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Critical reception was at first lukewarm but became more favorable after the first season, when the series began to explore its mythology, including parallel universes and [[wikipedia:Alternate history|alternate timelines]]. The show, along with cast and crew, were nominated for many major awards. Despite its move to the "[[wikipedia:Friday night death slot|Friday night death slot]]" and low [[wikipedia:Nielsen ratings|ratings]], the series developed a [[wikipedia:cult following|cult following]]. It also spawned two six-part [[wikipedia:comic book|comic book]] series, an [[wikipedia:alternate reality game|alternate reality game]], and three novels.
Critical reception was at first lukewarm but became more favorable after the first season, when the series began to explore its mythology, including parallel universes and [[wikipedia:Alternate history|alternate timelines]]. The show, along with cast and crew, were nominated for many major awards. Despite its move to the "[[wikipedia:Friday night death slot|Friday night death slot]]" and low [[wikipedia:Nielsen ratings|ratings]], the series developed a [[wikipedia:cult following|cult following]]. It also spawned two six-part [[wikipedia:comic book|comic book]] series, an [[wikipedia:alternate reality game|alternate reality game]], and three novels.
== The protagonist and his relationship with God ==
'''Walter Bishop''' was an eccentric researcher specializing in [[fringe:fringe science|fringe science]].
He was one of the most brilliant scientific minds of his generation with an above average [[w:Intelligence_quotient|I.Q.]] of 196. From the 1970s until around 1991, Walter, an endowed chair of Biochemistry at Harvard, conducted experiments in the [[fringe:Harvard Laboratory|basement]] of the college's Kresge building, along with his lab partner [[fringe:William Bell|William Bell]] and their assistants. The field of the duo's experiments ranged from quantum physics to genetic engineering, propelling Walter into an unknown relationship with the U.S. government to advance its most scientifically innovative -- and ethically questionable -- research projects under the heading of fringe science.
At one point [[fringe:Timeline#1980s|in the early 1980s]], Walter assisted [[fringe:William Bell|William Bell]]'s experiments on children using the drug "[[fringe:Cortexiphan|Cortexiphan]]". The test subjects included both [[fringe:Olivia Dunham|Olivia Dunham]] and [[fringe:Nick Lane|Nick Lane]]. ("[[fringe:Bad Dreams|Bad Dreams]]")
An accident in 1991 resulted in the death of at least one of his assistants, [[fringe:Carla Warren|Carla Warren]] ("[[fringe:The No-Brainer|The No-Brainer]]"), beginning many accusations of Walter using humans as guinea pigs for his experiments.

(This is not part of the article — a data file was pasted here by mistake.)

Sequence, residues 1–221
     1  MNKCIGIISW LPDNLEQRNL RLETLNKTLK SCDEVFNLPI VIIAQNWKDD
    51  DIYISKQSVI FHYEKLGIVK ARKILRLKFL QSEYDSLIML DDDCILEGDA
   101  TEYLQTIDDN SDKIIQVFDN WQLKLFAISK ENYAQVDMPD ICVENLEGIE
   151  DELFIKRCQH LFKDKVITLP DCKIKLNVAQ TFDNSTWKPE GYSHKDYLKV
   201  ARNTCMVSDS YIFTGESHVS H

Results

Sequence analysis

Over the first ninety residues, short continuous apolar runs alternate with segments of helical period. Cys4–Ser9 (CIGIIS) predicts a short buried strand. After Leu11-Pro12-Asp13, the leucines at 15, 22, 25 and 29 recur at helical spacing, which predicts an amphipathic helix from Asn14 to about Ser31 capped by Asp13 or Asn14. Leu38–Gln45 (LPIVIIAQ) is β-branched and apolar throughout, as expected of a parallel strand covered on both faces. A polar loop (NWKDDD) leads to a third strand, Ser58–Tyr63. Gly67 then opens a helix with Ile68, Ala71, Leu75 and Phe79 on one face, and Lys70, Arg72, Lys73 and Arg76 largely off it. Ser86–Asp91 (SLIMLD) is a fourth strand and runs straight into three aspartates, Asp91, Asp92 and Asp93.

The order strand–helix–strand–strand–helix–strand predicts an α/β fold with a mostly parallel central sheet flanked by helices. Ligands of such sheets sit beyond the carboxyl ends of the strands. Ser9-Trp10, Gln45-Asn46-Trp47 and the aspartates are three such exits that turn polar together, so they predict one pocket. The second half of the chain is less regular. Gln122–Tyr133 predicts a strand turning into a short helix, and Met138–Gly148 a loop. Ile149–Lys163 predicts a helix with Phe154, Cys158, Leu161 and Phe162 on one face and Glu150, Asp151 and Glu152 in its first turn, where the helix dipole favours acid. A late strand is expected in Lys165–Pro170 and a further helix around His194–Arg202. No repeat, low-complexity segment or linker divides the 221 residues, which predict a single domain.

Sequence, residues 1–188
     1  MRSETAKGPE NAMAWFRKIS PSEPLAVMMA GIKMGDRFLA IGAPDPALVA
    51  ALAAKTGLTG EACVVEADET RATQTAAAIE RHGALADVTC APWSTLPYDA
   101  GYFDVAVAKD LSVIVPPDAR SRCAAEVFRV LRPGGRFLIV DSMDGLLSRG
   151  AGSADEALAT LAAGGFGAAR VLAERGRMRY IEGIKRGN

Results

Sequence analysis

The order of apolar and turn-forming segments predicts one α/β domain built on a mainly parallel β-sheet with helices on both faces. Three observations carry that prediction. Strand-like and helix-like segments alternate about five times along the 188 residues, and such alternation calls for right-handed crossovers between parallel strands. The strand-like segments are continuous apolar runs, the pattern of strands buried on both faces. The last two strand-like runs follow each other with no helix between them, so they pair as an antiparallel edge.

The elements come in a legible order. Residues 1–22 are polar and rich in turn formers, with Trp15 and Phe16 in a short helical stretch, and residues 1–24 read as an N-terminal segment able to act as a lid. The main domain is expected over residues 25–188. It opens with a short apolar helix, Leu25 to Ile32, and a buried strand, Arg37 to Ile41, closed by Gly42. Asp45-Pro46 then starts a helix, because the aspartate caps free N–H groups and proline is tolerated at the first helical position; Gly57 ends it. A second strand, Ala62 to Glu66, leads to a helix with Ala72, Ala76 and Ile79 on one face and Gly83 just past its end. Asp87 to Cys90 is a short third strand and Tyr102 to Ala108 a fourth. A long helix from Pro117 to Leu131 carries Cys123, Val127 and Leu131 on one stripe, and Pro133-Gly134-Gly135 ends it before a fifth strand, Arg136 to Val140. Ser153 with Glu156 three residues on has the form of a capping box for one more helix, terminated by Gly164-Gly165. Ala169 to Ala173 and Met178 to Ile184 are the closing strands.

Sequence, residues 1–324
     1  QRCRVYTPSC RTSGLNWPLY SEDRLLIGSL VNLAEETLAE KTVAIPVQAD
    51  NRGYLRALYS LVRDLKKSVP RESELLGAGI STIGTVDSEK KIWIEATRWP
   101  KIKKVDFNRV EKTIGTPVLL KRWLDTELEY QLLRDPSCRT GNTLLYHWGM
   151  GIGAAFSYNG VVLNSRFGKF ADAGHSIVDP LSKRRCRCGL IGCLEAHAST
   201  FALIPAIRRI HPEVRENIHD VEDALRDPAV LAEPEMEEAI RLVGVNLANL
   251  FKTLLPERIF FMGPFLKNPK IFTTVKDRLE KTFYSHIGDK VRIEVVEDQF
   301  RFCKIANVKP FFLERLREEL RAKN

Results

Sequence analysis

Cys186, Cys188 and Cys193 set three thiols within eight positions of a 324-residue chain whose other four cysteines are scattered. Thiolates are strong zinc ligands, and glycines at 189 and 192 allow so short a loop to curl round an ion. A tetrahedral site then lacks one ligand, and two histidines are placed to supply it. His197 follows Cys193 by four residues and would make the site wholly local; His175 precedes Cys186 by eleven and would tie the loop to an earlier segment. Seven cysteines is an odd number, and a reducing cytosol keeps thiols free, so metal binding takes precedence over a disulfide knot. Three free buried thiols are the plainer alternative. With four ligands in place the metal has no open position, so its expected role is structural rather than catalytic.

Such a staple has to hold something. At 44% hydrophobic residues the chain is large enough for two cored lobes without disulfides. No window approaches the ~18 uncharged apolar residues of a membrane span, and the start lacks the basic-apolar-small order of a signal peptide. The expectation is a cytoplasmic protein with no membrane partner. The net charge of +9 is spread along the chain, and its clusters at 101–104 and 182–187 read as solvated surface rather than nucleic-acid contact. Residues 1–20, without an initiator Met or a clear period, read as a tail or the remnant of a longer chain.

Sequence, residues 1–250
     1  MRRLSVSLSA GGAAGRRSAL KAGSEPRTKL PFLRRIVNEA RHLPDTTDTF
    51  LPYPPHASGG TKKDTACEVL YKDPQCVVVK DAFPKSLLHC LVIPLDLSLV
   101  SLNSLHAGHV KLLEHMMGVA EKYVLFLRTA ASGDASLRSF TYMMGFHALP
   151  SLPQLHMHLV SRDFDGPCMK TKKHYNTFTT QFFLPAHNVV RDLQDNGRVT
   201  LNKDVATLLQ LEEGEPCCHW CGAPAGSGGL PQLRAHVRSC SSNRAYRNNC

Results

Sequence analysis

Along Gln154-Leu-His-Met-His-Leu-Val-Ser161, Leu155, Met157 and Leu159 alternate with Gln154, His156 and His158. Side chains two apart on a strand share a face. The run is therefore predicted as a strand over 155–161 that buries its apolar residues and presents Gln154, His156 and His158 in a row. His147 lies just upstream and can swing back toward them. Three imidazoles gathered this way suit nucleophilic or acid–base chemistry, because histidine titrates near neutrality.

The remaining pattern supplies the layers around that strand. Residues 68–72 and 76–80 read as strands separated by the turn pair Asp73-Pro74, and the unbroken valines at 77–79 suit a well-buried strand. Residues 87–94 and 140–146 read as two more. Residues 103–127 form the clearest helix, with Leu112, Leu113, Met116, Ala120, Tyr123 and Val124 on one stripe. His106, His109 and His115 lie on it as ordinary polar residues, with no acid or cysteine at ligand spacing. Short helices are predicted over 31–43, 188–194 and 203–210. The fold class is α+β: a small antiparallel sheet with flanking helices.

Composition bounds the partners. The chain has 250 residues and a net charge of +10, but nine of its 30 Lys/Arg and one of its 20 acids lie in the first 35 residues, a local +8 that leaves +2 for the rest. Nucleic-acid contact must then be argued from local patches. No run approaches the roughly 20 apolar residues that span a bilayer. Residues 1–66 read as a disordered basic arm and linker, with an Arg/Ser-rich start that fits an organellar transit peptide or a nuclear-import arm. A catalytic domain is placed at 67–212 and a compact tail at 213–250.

Charged with manslaughter, Walter was instead deemed mentally unstable and admitted to St. Claire's Psychiatric Institution. Only Walter's immediate family were able to visit him in the institution, though it took seventeen years before his son, [[fringe:Peter Bishop|Peter Bishop]], would even speak to him.
After seventeen years of being locked up in a mental institution, which had many negative effects on his personality, Walter was eventually recruited by the FBI to work in their [[fringe:Fringe Division|Fringe Division]] alongside [[fringe:Olivia Dunham|Olivia Dunham]] and his son, [[fringe:Peter Bishop|Peter Bishop]].
When Walter has an MRI of his brain, his charts show that he has been through a procedure on his brain. A review of Walter's test results showed that has had three incisions on the left temporal lobe. Walter had tissue removed from his hippocampus, which stores memory and contributes to spatial awareness. This was done by his friend William Bell to remove the memory of how Walter opened the doorway to the dimension. When his brain pieces were reconnected by [[fringe:Thomas Jerome Newton|Thomas Jerome Newton]] he seemed more normal than ever. ("[[fringe:Grey Matters|Grey Matters]]")
'''Walter says that he had been an atheist until he stole Peter from the other side. The night after the crime Walter instinctually realized that he had violated God's trust and domain and believes the series of misfortunes that have taken place since have been God punishing him. Walter asks God for proof of his forgiveness in the form of a white tulip. When another scientist points out that tulips don't bloom at this time of year, Walter responds "But he's ''God''". He further explains that "If God can forgive me maybe it's in the realm of possibilities that my son can forgive me too"''' ("[[fringe:The Man from the Other Side|The Man from the Other Side]]")


== Creation, life and death ==
== Creation, life and death ==